Trees and Indexes

By Xah Lee. Date:


It's fairly easy to see how Mathematica expression are trees, and how each atom has an index. This is so until the heads of expressions are expression themselves. For example, the structure of the following expression is difficult to understand:


It is however a legal expression, and such forms could be exploited in applications (one simple example is the Derivative function).

In this post, I hope to give a clear exposition of the isomorphism between Mathematica expressions, trees, and index sets. Once we understand the isomorphism of expressions and index set with atoms, we can explain the behavior of any structural manipulating functions in terms of how the function affects the indexes and atoms. The structural manipulating functions I had in mind are those covered in The Mathematica Book 2.1 to 2.2 We'll just call them tree functions for abbreviaton.

We will write functions that convert expression to index set and vice versa. To simulate tree functions (For example, Level, Through, Flatten), we can first convert their main arguments to an index set, manipulate the index set, then convert it back into an expression. This approach exposes functions' behaviors, and it shows how they can be implemented in any language. (Our focus is not on implementation, but exploration on useful structural transformations of trees, as exemplified in Mathematica's Outer, Distribute, Transpose…etc.)

Trees and Index set

What is a tree? Trees can be defined formally as a network (graph) without circuits, but we won't need such definition here. Basically: A tree is an abstract idea of a structure. Starting with a node, called root. A node may have other nodes connected to it, called its children. Nodes that have no children are called leaves. If a node is not a leaf, then it is a non-leaf, or called a branching node. (terminology used here may differ from convention) In summary, a tree is a set of nodes, each has a parent/child relation with some other nodes, and by definition there is one node called root, which is the only node without parent.

We can lable the nodes systematically. The root node will be labeled {} (empty braces). If it has two children, then they are labeled {1} and {2}. The children of {1} will be labeled {1,1}, {1,2} and so on. Similarly, children of {2} are {2,1},{2,2}…etc. In general, we add a digit in every new generation, counting children starting at 1. In this way, each node has a name, called its index. The number of digits in an index indicates its “generation ordinal” or Level. The root node is the generation 0, or Level 0, because its index does not contain any digits.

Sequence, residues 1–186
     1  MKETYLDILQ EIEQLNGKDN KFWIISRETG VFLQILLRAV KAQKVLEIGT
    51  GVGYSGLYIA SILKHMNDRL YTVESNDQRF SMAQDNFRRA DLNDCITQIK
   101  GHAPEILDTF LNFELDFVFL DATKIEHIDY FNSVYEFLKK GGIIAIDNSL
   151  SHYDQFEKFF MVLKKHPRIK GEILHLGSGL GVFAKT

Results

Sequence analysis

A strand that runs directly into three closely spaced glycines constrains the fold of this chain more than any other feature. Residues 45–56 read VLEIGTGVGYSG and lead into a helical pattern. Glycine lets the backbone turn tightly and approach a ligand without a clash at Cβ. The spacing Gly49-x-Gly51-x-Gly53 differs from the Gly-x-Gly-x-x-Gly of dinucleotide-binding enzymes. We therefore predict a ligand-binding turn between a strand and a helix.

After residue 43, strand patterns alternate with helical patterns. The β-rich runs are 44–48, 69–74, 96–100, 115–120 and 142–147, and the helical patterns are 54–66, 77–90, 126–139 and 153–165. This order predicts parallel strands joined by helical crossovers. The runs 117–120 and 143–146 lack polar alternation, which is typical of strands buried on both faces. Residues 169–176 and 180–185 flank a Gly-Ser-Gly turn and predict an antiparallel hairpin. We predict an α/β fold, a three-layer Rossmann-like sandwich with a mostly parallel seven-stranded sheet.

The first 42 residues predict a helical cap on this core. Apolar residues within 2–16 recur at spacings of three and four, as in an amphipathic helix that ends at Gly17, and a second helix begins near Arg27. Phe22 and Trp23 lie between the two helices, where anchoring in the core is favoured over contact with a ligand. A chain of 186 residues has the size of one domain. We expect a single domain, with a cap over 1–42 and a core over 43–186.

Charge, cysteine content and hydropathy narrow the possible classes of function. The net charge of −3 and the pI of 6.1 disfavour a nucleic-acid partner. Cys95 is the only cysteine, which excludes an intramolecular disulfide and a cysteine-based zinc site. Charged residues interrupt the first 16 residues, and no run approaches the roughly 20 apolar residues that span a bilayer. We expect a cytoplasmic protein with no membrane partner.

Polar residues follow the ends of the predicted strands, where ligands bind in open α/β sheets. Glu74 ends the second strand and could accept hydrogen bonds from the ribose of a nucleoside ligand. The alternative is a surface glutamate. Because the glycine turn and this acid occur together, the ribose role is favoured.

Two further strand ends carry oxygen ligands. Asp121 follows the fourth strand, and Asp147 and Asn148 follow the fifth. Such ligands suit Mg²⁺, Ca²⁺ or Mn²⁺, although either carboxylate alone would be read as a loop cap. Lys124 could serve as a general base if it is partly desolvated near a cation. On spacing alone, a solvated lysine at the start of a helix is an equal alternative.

Now notice that we can also use alphabets instead of numbers, or, we can start counting with 0 instead of 1. We will stick to the indexing system that starts counting with 0. This reason for this choice will be apparant later.

A set of indexes defines a tree. The set that contain all indexes of a given tree minus the root index {} will be called the _complete index set_ of that tree. _Leaves index set_ is the set of indexes of all leaves of the tree. Similarly for _Nonleaves index set_ (minus the root {}). The union of leaves and nonleaves is the Complete Index Set. Their intersection is empty.


Here's the Complete Index Set of a tree:

its LeavesIndexSet is

its NonleavesIndexSet is

The MinimumIndexSet is

(MinimumIndexSet is the a subset of Complete Index Set: its elements are indexes that can not be inferred from others. Discussed in a previous posting)

A given list of indexes may not be a Complete Index Set, but a complete index set can always be inferred. For example, given {{3},{1},{2,2}}, the {3} implies {2},{1},{0}, and {2,2} implies {2,1},{2,0},{2}. So the Complete Index Set is {{0},{1},{2},{3},{2,0},{2,1},{2,2}}. A list of index implies a Complete Index Set, which in turn defines a tree. Conversely, any tree corresponds to a unique Complete Index Set. Now we have the isomorphism between trees and (complete) index sets.

Lisp Expresions

Now let's look at how a tree shape can be defined as a string (we'll call such string _expression_). The simplest way is using nested parenthesis. We'll use 0 as the atomic object. Starting with root we have 0, which correpsonds to the index set {{}}.

First, notice that there are two types of tree growth: (1) birth of a new generation, for example, {{0},{1}}→{{0},{1},{1,0}}. (2) birth of a sibling, for example, {{0},{1}}→{{0},{1},{2}}.